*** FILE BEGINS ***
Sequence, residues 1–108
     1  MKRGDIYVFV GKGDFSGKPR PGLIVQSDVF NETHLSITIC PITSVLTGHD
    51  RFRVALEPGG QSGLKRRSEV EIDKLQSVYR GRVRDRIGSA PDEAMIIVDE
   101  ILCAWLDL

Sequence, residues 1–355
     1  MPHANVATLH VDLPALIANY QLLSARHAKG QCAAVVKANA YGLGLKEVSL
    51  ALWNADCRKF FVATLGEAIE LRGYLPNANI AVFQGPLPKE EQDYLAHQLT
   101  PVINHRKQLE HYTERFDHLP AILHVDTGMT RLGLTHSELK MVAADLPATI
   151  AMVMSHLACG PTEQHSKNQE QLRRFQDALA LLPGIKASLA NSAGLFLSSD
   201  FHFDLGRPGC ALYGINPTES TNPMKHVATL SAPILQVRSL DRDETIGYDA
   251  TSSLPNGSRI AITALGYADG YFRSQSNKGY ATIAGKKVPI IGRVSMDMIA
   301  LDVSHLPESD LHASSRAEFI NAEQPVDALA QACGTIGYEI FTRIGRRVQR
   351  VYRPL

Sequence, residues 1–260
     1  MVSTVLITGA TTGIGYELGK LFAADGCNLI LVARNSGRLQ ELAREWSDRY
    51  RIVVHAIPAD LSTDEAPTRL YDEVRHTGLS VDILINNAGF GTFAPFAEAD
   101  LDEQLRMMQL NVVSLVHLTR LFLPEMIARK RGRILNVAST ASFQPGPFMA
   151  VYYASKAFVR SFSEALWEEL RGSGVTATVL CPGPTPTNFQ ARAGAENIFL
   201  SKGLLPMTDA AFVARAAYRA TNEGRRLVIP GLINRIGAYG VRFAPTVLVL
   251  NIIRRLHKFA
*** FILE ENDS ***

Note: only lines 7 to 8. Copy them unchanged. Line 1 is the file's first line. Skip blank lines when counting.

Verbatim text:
    51  ALWNADCRKF FVATLGEAIE LRGYLPNANI AVFQGPLPKE EQDYLAHQLT
   101  PVINHRKQLE HYTERFDHLP AILHVDTGMT RLGLTHSELK MVAADLPATI